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Each vs. Every: What's the Difference?

Edited by Harlon Moss || By Janet White || Published on November 23, 2023
"Each" refers to individual items in a group, emphasizing singularity, while "Every" refers to all members of a group collectively.

Key Differences

"Each" and "Every" both relate to the members of a group, but they place emphasis differently. "Each" looks at the members of a group as individual units, whereas "Every" views them as a collective.
When we use "Each," we're often considering items or people one by one. This term stresses individuality and distinction. "Every," in contrast, groups items or people together, suggesting totality or universality without focusing on individual characteristics.
Another distinction lies in their grammatical application. "Each" can be used as a pronoun and an adjective, while "Every" is primarily used as an adjective. This means you can say "Each of the books" or "Each is unique," but only "Every book" and not "Every is unique."
In some contexts, "Each" and "Every" might seem interchangeable, but their nuanced difference can alter the meaning or emphasis of a sentence. For example, "Each student won a prize" implies all students won different prizes, while "Every student won a prize" suggests all won the same or a similar prize.
Furthermore, "Every" often denotes regularity or frequency, which "Each" doesn't necessarily convey. For instance, "Every morning, she jogs" denotes a regular action, whereas "Each morning" can be seen in specific contexts, not necessarily implying daily repetition.

Comparison Chart

Basic Emphasis

Individual items/people
All members of a group

Grammatical Role

Can be a pronoun and an adjective
Primarily an adjective

Typical Context

Often used when mentioning items/people one by one
Often used when referring to regular occurrences

Example Implication

"Each child has a toy" (may have different toys)
"Every child has a toy" (all have the same/similar toy)

Frequency Connotation

Doesn't necessarily imply regularity
Often denotes regularity

Each and Every Definitions


Used for emphasizing individuality.
Each design is unique in its way.


Used to emphasize the typical or average nature of something.
Every bit helps.


Denoting one of two in a pair.
She wore a ribbon on each ankle.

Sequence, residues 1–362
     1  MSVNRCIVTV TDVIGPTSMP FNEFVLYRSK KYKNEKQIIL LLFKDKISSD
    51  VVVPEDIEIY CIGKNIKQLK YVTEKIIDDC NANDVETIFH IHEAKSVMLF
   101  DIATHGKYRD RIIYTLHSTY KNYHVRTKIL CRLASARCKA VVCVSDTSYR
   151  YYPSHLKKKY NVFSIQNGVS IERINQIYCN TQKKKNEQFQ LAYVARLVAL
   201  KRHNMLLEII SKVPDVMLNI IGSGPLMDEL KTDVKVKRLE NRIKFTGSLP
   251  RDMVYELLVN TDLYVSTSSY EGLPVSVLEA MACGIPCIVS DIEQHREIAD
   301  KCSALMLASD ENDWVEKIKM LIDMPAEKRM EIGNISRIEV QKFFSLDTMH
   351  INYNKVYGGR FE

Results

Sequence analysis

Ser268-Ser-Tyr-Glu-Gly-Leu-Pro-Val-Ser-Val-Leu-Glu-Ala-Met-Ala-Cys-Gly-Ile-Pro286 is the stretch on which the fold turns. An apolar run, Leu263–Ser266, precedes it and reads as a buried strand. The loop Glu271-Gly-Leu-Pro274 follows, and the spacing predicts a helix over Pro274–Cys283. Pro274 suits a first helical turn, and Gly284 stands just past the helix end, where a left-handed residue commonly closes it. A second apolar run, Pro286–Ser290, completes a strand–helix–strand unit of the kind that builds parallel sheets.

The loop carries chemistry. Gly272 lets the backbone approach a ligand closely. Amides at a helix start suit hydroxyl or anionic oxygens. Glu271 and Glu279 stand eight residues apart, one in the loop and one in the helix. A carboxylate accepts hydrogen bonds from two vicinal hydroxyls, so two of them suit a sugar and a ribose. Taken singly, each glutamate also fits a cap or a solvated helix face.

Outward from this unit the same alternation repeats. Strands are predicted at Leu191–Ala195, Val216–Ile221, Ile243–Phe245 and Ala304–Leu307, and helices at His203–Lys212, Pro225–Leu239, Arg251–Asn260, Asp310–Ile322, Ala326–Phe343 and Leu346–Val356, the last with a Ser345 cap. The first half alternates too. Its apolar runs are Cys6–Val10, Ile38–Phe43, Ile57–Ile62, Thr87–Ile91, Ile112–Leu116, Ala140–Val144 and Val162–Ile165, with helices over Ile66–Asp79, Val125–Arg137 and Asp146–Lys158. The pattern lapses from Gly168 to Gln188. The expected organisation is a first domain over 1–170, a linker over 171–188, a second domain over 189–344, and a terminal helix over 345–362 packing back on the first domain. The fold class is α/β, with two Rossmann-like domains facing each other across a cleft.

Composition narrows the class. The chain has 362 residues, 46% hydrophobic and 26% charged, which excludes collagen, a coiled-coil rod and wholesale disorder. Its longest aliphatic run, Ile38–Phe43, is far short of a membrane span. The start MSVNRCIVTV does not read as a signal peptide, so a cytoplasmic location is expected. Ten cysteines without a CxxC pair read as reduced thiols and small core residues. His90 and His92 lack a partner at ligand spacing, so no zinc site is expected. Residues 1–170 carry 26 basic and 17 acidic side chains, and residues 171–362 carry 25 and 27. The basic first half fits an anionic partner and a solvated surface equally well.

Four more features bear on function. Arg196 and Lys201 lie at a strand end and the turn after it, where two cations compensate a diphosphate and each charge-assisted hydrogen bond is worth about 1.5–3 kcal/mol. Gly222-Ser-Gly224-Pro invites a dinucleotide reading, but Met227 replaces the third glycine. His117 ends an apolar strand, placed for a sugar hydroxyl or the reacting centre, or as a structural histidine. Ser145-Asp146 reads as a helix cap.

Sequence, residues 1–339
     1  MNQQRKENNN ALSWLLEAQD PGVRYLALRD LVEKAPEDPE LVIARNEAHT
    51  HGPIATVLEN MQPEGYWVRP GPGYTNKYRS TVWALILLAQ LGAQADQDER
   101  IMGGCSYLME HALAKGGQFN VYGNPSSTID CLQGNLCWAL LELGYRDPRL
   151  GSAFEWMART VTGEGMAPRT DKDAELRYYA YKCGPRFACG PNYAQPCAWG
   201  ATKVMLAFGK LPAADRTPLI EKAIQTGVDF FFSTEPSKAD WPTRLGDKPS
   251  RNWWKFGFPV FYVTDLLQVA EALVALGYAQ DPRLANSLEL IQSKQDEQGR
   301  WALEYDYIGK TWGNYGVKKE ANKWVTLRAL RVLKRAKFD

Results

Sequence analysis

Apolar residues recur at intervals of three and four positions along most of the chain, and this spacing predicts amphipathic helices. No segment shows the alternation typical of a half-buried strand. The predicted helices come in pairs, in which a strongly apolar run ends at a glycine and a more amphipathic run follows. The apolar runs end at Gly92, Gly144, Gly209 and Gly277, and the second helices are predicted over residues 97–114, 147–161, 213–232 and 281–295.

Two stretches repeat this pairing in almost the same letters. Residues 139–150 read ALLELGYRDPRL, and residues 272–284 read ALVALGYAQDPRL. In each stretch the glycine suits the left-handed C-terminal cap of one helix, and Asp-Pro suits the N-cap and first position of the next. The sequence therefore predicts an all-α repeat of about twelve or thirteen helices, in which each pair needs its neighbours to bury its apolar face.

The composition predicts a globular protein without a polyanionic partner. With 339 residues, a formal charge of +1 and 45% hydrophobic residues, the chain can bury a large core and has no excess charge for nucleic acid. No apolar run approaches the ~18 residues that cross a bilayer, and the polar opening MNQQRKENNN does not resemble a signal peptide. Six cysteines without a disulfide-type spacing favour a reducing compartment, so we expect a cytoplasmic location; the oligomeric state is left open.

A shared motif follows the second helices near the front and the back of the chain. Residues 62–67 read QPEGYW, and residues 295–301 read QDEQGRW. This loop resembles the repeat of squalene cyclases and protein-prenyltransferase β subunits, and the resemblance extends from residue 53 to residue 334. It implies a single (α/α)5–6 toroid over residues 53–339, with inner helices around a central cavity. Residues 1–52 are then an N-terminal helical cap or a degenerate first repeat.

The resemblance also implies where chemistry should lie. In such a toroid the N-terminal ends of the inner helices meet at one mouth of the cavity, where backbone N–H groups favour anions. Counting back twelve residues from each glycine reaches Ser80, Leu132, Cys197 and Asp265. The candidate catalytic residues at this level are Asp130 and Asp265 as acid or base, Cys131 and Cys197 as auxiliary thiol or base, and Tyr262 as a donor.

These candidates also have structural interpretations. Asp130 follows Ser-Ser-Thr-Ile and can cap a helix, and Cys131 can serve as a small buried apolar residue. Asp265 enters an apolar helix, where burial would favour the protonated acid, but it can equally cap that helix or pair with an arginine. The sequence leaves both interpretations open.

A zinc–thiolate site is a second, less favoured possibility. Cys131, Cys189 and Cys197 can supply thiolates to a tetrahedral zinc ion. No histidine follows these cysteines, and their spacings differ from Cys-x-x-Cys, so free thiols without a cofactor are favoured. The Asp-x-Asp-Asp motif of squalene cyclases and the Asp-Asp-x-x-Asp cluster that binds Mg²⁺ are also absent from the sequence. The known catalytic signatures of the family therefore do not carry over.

Indicating repetition at regular intervals.
We meet every Saturday.


Every single one without exception.
They each have their own strengths.


All possible or available.
They utilized every resource.


Referring to every single member of a group individually.
Each student received a different book.


Indicating the highest degree or extent.
Every effort was made to succeed.


Indicating division or distribution.
The prize was split between each participant.


Constituting each and all members of a group without exception.


Being one of two or more considered individually; every
Each person cast a vote. My technique improved with each lesson.


Being all possible
Had every chance of winning, but lost.


For or to each one; apiece
Ten cents each.


Being each of a specified succession of objects or intervals
Every third seat.
Every two hours.


All; every; qualifying a singular noun, indicating all examples of the thing so named seen as individual or separate items (compare every).
Make sure you wash each bowl well.
The sun comes up each morning and sets each night.


Being the highest degree or expression of
Showed us every attention.
Had every hope of succeeding.


For one; apiece; per.
The apples cost 50 cents each.


Of a countable group (considered individually), without exception.
Every person in the room stood and cheered.


Every one/thing individually or one by one.
I'm going to give each of you a chance to win.
From each according to his ability, to each according to his needs.


Denotes equal spacing at a stated interval, or a proportion corresponding to such a spacing.
We stopped for refreshments every ten miles.
The alarm is going off every few minutes.
Every third bead was red, and the rest were blue. The sequence was thus red, blue, blue, red, blue, blue etc.
Decimation originally meant the execution of every tenth soldier in a unit; that is, ten per cent of soldiers were killed.


An individual item: the least quantitative unit in a grouping.


(with certain nouns) Denotes an abundance of something.
We wish you every happiness in the future.
I have every confidence in him.
There is every reason why we should not go.
The police will make every effort to trace the missing girl.